Part of my sentiments about this issue comes from time spent abroad in the socialized nation of Chile. One thing I noticed above all is the polarization of the health care offered to the Chilean people.  If you were looking for treatment that was comparable to “U.S. standards,” you would have to be willing to shell out the big bucks to pay for it. Otherwise, the government-run hospitals and clinics were the only other local option.  Since there was little-to-no cost to the patient for health care, people came for the slightest coughs and sore throats. A mere checkup would be scheduled out three to four months in advance.  Is it any wonder that the leaders of other countries come to the States for their medical needs?

If you’re scratching your head and saying, “Jess, you’re an alarmist and an over-exaggerator,” try this one on for size. I am currently enrolled in a health plan that mimics the proposed health plan the federal government will provide if the bill passes. Several months ago, I went in for a checkup for chest pains and was informed that I needed to visit a specialist that dealt with such problems. Should the problem continue, I was in danger of contracting cancer. Naturally, there was need for an urgent checkup to curb this potentially lethal problem. However, the program in which I am enrolled offered only one specialist — and he was booked solid for four months. Keep in mind, this was America. Granted, I only had to pay for the co-pay and I would eventually get seen, but what can we expect from a larger version of this plan? Is there need to worry about the shortage of doctors and specialists that will want to work for government?

I guess what is most troubling above all is the manner in which we are proceeding to pass this bill. Democratic leaders, along with the White House, are determined to pass this bill without delay. I don’t fault them for their vigor, nor for their ambition of helping a larger portion of Americans receive healthcare; However, there is no room in democracy — especially in American democracy — for these thug-like stratagems in Congress. This bill is just one of several examples of a major shift of power and responsibility towards the federal government.

It’s a big deal and for Democrats to just say “We’re doing this whether you like it or not” isn’t only offensive to the framework of the Constitution, but it’s a key indicator of the lack of leadership abilities of both the majority leaders and the White House. The attempt to garner public support through town hall meetings has proved that many Americans are against the plan set forth thus far. Polls show that more Americans disapprove than approve of the plan, so why are our leaders planning on making a power move to ramrod this legislation through Congress when it will clearly take a step toward greater government control?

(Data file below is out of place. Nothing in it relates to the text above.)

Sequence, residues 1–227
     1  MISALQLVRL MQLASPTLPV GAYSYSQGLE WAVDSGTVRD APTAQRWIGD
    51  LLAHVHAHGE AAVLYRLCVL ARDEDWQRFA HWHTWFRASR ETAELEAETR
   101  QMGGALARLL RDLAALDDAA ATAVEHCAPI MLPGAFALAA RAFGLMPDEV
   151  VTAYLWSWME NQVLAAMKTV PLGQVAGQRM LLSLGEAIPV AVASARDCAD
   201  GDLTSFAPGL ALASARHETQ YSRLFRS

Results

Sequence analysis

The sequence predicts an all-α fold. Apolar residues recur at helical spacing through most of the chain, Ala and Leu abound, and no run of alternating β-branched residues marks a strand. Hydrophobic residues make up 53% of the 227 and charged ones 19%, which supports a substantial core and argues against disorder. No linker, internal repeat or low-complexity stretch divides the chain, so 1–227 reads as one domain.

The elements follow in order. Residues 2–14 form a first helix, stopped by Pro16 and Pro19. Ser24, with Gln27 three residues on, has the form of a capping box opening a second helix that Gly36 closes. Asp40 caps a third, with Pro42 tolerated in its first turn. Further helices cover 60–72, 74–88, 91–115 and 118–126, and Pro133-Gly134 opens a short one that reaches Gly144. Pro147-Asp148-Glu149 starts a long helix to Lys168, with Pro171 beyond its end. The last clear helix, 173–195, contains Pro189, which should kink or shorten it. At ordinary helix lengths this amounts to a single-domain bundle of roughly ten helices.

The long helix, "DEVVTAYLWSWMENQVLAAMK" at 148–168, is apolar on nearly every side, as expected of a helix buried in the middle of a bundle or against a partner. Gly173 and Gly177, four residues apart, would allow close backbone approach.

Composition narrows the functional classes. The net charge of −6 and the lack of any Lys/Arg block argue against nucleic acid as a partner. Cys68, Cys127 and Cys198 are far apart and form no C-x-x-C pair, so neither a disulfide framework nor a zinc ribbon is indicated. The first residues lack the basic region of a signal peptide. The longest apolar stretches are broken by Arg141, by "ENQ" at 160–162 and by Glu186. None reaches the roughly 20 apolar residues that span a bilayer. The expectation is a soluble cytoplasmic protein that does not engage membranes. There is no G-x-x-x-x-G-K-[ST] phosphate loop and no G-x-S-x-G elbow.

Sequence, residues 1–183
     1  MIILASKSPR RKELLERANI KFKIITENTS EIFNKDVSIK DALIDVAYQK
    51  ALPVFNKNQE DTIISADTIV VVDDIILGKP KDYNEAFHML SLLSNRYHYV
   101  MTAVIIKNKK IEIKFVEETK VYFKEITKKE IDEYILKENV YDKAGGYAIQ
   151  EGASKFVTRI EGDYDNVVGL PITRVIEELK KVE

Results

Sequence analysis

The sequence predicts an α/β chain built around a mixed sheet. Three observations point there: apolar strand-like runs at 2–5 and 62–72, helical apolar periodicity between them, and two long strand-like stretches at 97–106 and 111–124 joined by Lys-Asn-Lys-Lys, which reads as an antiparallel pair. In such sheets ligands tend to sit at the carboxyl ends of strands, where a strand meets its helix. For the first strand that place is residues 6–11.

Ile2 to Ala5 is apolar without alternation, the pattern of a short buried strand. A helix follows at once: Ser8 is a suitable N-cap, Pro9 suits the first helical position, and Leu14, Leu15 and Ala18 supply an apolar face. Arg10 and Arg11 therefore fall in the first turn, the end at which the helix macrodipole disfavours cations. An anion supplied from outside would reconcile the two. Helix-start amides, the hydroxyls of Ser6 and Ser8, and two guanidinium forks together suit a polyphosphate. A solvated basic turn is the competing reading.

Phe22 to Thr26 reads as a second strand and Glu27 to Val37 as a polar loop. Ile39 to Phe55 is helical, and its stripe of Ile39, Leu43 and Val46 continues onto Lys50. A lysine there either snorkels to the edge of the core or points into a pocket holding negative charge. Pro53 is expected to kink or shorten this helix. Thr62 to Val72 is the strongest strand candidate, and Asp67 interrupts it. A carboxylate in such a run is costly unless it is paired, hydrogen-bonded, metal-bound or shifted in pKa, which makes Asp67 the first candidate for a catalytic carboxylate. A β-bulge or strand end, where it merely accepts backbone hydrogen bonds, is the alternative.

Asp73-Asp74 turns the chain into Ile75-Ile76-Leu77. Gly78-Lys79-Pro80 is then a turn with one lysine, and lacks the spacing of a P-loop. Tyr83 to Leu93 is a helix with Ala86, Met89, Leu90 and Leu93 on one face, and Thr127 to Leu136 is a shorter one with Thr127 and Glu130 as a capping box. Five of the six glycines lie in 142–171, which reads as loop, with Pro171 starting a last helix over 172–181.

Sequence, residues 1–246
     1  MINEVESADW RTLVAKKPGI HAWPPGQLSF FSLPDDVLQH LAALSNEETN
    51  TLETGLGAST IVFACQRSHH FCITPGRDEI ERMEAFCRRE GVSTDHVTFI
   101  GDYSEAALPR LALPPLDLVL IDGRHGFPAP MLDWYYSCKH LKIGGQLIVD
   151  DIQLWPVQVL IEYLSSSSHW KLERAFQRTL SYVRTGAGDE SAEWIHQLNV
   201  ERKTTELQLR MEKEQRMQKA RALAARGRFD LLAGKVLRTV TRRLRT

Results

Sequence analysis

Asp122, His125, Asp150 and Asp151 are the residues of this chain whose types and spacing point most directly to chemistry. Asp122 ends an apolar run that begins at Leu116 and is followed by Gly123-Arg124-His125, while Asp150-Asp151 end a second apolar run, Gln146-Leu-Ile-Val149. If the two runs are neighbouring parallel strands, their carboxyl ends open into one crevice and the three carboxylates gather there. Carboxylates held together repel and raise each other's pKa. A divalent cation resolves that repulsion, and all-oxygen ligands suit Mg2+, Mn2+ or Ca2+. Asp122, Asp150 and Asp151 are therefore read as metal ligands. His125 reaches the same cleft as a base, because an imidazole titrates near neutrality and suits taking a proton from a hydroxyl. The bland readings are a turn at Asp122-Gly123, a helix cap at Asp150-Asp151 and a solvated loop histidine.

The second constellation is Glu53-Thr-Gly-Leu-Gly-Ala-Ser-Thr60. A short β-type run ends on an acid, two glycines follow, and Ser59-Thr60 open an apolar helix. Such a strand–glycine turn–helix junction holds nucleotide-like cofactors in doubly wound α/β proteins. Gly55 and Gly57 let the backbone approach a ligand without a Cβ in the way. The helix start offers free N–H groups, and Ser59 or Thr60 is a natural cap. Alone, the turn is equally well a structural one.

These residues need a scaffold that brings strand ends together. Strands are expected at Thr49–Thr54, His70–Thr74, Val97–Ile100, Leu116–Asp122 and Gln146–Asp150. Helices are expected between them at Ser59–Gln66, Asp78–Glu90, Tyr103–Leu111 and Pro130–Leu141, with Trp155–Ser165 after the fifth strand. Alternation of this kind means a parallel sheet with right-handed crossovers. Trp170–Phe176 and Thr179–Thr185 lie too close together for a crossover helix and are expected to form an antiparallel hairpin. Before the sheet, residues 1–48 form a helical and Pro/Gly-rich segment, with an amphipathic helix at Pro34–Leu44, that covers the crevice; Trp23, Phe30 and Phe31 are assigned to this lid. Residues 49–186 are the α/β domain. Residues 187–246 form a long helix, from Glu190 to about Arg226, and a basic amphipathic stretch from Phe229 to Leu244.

You may think this is a half-hearted attempt at a Beck/Hannity homage, but the truth is there are things to consider here that are of serious consequences. James Madison explained that the purpose of the American republic was to reduce the effect of factions, splinter cells that are looking to deprive others of their rights. Although the representatives that are fighting over this bill were elected by the people, a faction of leaders has emerged on Capitol Hill with the determination to decide for us one of the most personal decisions that we could make: How we care for ourselves medically. Are we in trouble or are we paving the way of the future? Such questions are worth debate and a personal diagnosis.

Jess Jones is a conservative political columnist for Rhombus. He is also the incoming vice-chair of the BYU College Republicans.

POLITICS: Let's Get Philosophical (Part 2)

Written by Jess Jones on . Posted in Politics

Jess Jones

Jess Jones

Welcome back to the second part of a discussion that has been a bit philosophical and has taken somewhat of a religious turn. I’ve appreciated the comments and arguments presented in response to my previous article. It’s interesting to see the differences of opinions and the valid reasoning behind them.

After discussing the case of Richard Reid, a convicted terrorist who attempted to destroy a passenger jet en route from Paris to Miami, there have been several interesting opinions expressed that I would like to address and include some of their points in this article to see if we can build on this discussion together. Although this will be a cursory conversation that may not be the most in-depth discussion known to man, we’ll do our best.

Rights in and of themselves are only as resolute as the faith we put in them. Everyone conforms to some sort of social contract and, in doing so, agrees to the rules of that contract. We believe that man deserves specific rights out of respect for him being human. The amount of rights that we give to any human being depends greatly on how we view society and man’s need for liberty.